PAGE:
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Don’t be held hostage to legacy IT (#2): Rationalizing your Enterprise

chained to computer.jpgBy:  Tom Klinect, Application Modernization Consultant, Hewlett Packard Company


You have watched in astonishment your competition catch and then overtake you. How could they do that? You have been the leader and acquired market share and grown significantly more than they have.  It’s time to take a look at your organization, a real close look.


Remember all those acquisitions which gave you that edge? They also came with baggage: infrastructure. You were able to integrate them into your existing organization structure, however after acquiring more and more companies and continually integrating them into your infrastructure, you have managed to have three sales tracking systems – which have not been integrated. As you review your enterprise you see thousands (perhaps tens of thousands) of applications – and those are only the ones you can readily see. And don’t forget your shadow IT.   There are a lot of applications in the enterprise that are not maintained by IT. In addition, there are several more systems that came with each acquisition; a lot which you never realized you had. You suddenly realize that you may be paying for tens of thousands of applications. You have bloat in the enterprise that is just too daunting to resolve.


Your competition had the same issue. However they took proactive steps to minimize the impact on the bottom line.  They were not paralyzed by the magnitude of the sprawl.  Instead, they rationalized their entire organization and then moved forward with tracking their smaller software foot print. They removed the shadow IT and integrated those functions into products which were maintained by IT. But how did they do it—better yet how did they start?


This is the toughest part of the journey into becoming agile in today’s market. Realizing that you can do the same with less is somewhat of a revelation. Taking systems which are similar and merging them into a single piece of software which allows the organization to accomplish the same tasks with much less overhead (OpEX) is tough love!


What about the items which provide little benefit but consume resources you need to manage (you know the ones I’m talking about)? Like reporting systems which produce a single report that could be easily integrated into your other reporting systems (that you haven’t taken the time to merge) and therefore you still spend time to maintain. You need to create backups for this class of application, and keep the hardware running. Each of them takes valuable dollars away from more strategic applications. Are these applications relics from days gone by?  Yes. You can no longer afford to keep applications which do not align with the business direction.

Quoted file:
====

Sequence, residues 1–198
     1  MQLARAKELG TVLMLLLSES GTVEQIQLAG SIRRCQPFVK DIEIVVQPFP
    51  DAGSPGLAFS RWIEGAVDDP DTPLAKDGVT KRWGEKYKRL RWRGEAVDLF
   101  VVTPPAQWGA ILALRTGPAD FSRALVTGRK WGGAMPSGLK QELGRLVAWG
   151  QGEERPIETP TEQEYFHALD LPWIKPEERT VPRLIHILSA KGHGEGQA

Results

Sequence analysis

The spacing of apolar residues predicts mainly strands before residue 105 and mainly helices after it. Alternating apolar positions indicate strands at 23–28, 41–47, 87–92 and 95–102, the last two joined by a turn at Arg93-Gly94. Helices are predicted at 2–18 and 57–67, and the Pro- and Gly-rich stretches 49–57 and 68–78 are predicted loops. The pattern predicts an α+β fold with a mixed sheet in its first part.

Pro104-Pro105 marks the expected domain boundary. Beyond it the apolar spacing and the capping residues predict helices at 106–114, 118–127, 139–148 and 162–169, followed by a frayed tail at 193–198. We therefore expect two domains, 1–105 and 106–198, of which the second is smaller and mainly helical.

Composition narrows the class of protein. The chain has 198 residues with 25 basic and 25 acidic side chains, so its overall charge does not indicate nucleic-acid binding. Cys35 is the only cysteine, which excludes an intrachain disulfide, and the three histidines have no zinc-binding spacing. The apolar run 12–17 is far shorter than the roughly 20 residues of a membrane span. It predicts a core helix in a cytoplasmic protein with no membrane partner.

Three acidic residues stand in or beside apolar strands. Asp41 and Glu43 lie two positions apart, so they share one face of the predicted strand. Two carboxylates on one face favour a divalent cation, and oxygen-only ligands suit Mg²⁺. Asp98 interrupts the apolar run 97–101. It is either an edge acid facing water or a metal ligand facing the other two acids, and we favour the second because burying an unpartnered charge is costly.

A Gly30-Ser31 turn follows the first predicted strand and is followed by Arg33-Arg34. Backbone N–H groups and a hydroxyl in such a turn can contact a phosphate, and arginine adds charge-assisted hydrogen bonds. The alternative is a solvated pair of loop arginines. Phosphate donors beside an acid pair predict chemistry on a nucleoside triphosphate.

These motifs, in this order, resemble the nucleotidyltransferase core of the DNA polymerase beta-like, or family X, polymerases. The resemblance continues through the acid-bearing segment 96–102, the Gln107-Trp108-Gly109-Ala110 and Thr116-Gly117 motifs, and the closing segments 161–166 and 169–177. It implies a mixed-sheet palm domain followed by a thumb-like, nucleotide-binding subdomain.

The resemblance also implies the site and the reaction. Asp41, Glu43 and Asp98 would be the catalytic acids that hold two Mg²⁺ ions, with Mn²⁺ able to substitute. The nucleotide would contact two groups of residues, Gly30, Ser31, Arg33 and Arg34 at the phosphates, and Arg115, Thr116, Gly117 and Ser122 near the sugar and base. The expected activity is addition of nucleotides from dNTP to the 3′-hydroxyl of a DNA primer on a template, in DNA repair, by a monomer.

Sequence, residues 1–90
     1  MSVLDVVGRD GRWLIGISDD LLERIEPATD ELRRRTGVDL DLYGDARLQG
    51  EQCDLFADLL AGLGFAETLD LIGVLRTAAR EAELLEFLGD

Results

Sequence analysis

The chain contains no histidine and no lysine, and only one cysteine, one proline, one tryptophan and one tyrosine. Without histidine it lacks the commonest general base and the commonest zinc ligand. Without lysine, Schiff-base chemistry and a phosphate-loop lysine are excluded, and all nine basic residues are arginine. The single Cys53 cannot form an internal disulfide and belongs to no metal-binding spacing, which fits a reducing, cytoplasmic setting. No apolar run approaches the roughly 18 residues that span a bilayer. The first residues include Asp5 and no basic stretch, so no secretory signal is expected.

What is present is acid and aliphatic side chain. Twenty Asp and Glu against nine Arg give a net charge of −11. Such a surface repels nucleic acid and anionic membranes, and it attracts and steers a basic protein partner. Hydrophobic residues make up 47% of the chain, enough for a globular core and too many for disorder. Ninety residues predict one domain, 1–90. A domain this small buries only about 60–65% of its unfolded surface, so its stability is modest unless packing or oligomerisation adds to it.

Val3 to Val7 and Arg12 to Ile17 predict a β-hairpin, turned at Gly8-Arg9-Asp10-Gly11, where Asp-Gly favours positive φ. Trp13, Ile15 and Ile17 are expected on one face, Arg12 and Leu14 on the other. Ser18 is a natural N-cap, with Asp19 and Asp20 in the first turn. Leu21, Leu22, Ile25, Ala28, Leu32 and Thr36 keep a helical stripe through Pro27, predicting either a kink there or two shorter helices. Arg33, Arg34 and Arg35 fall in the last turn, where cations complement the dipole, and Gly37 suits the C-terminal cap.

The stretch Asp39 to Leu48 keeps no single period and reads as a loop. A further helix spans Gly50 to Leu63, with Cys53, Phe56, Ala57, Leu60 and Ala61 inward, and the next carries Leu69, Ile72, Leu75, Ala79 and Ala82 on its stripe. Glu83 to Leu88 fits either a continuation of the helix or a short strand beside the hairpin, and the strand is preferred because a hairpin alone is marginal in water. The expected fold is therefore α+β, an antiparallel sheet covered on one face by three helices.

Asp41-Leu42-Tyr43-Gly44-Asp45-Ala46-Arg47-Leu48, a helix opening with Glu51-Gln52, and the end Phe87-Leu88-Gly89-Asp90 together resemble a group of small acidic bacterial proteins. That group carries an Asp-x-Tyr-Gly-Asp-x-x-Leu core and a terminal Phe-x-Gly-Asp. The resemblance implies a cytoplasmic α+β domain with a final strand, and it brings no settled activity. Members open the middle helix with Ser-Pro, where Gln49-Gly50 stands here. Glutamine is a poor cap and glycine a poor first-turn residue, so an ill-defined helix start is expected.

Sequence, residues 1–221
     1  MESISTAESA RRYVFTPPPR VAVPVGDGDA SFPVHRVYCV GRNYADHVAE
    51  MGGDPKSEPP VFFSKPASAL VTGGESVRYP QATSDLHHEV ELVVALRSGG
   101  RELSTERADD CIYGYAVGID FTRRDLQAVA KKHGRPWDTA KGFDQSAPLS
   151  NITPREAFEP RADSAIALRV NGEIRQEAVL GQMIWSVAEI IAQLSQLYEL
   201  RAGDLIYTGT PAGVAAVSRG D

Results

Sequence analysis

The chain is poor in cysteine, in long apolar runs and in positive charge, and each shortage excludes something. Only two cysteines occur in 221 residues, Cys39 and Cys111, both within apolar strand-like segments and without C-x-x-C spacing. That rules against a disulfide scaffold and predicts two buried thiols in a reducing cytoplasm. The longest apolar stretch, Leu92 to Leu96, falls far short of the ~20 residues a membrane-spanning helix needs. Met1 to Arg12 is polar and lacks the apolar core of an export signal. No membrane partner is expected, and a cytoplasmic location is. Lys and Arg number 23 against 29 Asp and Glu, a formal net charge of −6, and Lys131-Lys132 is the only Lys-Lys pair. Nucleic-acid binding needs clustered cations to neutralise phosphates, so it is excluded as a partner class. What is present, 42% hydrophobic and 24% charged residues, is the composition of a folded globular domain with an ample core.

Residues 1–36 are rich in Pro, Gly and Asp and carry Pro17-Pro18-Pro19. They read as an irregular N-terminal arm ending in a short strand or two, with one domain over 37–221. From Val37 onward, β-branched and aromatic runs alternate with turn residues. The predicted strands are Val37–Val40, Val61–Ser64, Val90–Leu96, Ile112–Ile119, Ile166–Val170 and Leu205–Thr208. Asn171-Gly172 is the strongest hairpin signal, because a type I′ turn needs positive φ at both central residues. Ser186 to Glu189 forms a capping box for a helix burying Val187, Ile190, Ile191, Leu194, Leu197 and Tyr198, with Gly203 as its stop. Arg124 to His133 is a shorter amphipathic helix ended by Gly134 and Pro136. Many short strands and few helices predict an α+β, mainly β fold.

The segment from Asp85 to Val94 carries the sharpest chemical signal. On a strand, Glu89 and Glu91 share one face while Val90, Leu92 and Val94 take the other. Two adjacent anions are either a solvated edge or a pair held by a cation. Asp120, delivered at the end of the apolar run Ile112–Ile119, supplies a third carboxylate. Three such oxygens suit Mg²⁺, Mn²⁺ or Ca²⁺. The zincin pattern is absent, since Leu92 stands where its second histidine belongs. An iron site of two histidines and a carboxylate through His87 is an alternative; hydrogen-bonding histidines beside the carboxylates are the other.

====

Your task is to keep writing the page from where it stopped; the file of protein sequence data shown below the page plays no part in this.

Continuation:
Yes, you do have a lot of applications which align to the business direction and provide valuable return on their investment.  However, many items remain a drain on funding, causing vital systems to languish.  Some of these are critical to the business today but could be heading toward obsolescence in the future.   Remember when monolithic systems were all the rage in the 90’s? Everyone built single purpose applications which did little to allow other applications to either feed into or from them. They are still critical and they need to be maintained—but do they all need to be modernized? No.


Rationalizing your enterprise can put applications into buckets and let you start the pruning process. You need to link a business process to each application:

  • If there is no linkage—retire it.
  • If there are multiple applications performing the same function – combine them.
  • If there are applications which match the business, but they are not agile enough to allow business to innovate – put them on a support plan and set a target date for their retirement.


The applications that remain are all business related and agile enough to allow you to move forward with them.  Invest in them and continue their innovation to better match future business processes.


So now you have a plan to: Retire, Invest, Support and Merge your applications landscape. Now you need to move forward and work on another area—hardware.


Next up:  That Pesky Hardware



Previous blogs by Tom Klinect


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About the Author


Tom Klinect.jpgTom Klinect, Application Modernization Consultant, Hewlett Packard Company

Tom has 34 years of experience in the information technology industry, the last 20 years in the field of IT and Applications Transformation.  He currently leads HP’s effort to transform legacy systems to commodity x86 hardware, specifically focused on the “Server-2-Server” market.  He joined HP after working in Microsoft’s Enterprise Platform Modernization Group.    

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